Northern Ireland

Poots seeking child exploitation advisor

Girl with head in hands
Image caption The police said the abuse is thought to have taken place outside care homes in Northern Ireland

The Stormont health minister Edwin Poots is considering recruiting an expert from outside Northern Ireland to assess how the authorities deal with child exploitation cases.

More than 30 people have been arrested as part of a major investigation into the sexual exploitation of children and young people.

A group of 22 young people aged between 13 and 18 may have been abused.

Mr Poots told the BBC that an urgent review of the system was needed.

"We have had a large number of cases where children and young people have been taken away and sexually exploited," he said.

"We need to identify what has gone wrong, how it happened and look at how we can avoid this happening in the future."

Mr Poots said his department was "actively looking" to recruit an expert or team to assess the current system.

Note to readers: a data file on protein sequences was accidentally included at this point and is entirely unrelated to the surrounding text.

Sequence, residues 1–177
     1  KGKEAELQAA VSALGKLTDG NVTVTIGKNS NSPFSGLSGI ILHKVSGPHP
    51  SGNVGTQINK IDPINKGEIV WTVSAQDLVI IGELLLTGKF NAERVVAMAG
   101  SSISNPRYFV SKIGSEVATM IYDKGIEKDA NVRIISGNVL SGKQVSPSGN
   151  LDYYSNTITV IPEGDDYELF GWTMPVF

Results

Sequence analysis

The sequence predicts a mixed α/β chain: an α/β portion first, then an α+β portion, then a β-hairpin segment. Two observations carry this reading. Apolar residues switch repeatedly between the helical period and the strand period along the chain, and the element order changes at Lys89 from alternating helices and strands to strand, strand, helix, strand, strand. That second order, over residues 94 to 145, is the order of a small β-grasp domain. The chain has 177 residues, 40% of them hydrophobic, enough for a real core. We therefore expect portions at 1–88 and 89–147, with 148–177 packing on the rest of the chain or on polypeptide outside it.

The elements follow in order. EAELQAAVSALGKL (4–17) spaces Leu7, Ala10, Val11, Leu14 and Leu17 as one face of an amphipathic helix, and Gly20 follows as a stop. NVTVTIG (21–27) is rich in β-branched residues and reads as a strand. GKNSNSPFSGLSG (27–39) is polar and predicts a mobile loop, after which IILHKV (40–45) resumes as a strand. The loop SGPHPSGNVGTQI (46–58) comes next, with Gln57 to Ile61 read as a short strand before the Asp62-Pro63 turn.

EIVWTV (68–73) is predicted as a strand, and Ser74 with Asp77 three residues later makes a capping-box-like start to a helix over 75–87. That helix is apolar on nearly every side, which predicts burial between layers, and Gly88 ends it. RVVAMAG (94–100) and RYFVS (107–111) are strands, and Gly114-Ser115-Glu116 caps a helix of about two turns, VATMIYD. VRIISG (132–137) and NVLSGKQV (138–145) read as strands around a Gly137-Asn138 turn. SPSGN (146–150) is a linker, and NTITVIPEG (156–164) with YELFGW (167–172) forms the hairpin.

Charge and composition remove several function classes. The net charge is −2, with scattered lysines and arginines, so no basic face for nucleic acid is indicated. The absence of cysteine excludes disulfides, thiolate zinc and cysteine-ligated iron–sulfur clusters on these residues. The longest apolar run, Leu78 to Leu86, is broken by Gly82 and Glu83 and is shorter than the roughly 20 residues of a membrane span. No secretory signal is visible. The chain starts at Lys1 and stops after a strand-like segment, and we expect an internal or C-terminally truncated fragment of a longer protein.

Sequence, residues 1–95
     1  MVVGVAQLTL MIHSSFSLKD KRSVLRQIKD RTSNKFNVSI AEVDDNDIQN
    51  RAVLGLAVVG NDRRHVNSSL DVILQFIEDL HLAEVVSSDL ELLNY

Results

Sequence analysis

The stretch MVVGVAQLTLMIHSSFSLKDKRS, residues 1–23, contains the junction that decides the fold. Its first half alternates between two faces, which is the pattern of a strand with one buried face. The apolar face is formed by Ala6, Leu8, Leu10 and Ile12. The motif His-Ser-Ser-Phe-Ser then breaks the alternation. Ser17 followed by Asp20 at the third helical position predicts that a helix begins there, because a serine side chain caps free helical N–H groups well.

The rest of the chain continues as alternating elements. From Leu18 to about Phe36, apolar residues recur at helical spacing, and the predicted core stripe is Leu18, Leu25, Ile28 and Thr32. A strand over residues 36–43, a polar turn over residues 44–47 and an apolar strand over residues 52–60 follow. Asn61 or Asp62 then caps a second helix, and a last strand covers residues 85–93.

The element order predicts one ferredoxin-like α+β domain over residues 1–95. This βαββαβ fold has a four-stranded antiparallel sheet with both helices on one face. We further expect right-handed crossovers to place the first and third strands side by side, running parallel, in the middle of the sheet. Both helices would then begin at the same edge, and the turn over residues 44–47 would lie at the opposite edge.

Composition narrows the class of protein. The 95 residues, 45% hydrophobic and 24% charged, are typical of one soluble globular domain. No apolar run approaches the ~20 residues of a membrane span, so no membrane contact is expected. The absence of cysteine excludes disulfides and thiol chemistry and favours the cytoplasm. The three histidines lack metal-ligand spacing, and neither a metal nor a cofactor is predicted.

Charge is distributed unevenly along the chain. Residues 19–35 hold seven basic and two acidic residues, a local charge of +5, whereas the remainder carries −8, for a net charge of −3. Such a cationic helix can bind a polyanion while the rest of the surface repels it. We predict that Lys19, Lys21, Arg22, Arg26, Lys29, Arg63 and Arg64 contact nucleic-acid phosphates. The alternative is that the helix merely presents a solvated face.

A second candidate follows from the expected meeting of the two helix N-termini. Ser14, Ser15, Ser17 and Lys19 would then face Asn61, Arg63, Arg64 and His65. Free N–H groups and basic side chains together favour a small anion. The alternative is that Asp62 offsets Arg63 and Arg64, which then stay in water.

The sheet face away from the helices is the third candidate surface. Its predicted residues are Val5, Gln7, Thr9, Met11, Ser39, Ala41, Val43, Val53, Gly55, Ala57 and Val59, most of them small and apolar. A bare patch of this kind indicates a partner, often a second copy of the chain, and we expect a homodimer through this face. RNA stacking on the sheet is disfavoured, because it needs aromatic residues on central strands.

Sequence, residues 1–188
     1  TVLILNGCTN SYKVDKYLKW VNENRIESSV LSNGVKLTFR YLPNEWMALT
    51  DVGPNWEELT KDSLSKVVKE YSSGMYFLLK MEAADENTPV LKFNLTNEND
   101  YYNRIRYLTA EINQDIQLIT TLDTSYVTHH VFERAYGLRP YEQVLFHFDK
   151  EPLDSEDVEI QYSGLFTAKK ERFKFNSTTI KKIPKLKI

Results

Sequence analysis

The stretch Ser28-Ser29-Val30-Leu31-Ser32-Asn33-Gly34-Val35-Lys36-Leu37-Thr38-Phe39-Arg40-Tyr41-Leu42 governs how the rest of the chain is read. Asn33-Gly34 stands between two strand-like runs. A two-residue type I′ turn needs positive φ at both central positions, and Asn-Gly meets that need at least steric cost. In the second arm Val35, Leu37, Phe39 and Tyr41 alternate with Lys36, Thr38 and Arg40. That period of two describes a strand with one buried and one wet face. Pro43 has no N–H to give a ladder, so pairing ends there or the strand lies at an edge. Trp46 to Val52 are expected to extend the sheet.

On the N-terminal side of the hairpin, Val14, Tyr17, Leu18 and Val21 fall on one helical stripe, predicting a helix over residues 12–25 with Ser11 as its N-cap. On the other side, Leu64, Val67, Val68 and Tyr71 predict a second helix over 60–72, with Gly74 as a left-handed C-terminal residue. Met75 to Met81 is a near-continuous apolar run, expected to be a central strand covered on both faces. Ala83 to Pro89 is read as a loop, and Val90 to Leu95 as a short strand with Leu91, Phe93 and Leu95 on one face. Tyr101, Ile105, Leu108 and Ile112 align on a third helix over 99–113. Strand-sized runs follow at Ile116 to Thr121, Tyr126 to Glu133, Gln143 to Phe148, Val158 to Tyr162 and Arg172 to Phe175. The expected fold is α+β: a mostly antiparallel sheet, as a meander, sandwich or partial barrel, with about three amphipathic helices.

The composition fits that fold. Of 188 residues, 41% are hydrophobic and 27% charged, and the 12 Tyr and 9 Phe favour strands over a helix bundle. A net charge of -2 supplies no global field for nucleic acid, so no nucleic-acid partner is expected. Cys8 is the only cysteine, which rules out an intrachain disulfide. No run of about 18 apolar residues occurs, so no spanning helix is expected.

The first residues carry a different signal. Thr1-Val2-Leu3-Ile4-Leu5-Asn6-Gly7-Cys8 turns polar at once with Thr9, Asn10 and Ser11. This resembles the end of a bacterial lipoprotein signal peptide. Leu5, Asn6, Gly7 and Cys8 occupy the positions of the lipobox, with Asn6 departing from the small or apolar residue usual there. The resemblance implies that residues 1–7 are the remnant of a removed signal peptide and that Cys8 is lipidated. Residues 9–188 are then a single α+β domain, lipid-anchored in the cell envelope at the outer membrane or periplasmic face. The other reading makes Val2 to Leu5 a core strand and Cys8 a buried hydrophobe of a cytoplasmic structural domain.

"It's important to get as much advice as possible, and to pay attention to how others have addressed similar problems," he added.

The majority of the children were abused when they went missing from care homes but it is understood some of the victims were living at home with their families and were abused when they left their homes.

A number of people have already appeared in court charged with sexual exploitation and other offences.

Meanwhile, Mr Poots' DUP colleague Paul Givan has called on Justice Minister David Ford to commission an independent review of the effectiveness of criminal justice agencies.

Mr Givan, who is chair of the assembly justice committee, said: "There is a need to provide confidence to the public that systems in place by the PSNI to investigate the sexual exploitation of children and young people are effective and fully resourced."

In September 2011, the charity Barnardo's produced a report which highlighted that child exploitation was a major problem for the authorities in Northern Ireland.

Mr Givan added: "Concerns exist why the police failed to connect the patterns previously identified by the Barnado's Report and that lessons learned by the police has ensured effective procedures are now in place."

Earlier on Wednesday, he told the BBC's Nolan Show that 18 of the young people involved in the investigation had gone missing a total of 437 times over an 18-month period.

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